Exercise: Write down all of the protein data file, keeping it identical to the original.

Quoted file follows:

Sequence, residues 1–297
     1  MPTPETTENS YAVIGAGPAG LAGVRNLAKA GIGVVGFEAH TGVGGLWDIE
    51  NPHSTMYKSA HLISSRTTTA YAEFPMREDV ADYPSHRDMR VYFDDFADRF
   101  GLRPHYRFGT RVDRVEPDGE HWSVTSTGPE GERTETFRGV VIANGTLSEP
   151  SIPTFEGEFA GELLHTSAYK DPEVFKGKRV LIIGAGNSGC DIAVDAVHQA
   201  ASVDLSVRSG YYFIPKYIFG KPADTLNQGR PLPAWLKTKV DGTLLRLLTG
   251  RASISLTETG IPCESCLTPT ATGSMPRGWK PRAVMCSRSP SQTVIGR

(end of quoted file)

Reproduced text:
Sequence, residues 1–297
     1  MPTPETTENS YAVIGAGPAG LAGVRNLAKA GIGVVGFEAH TGVGGLWDIE
    51  NPHSTMYKSA HLISSRTTTA YAEFPMREDV ADYPSHRDMR VYFDDFADRF
   101  GLRPHYRFGT RVDRVEPDGE HWSVTSTGPE GERTETFRGV VIANGTLSEP
   151  SIPTFEGEFA GELLHTSAYK DPEVFKGKRV LIIGAGNSGC DIAVDAVHQA
   201  ASVDLSVRSG YYFIPKYIFG KPADTLNQGR PLPAWLKTKV DGTLLRLLTG
   251  RASISLTETG IPCESCLTPT ATGSMPRGWK PRAVMCSRSP SQTVIGR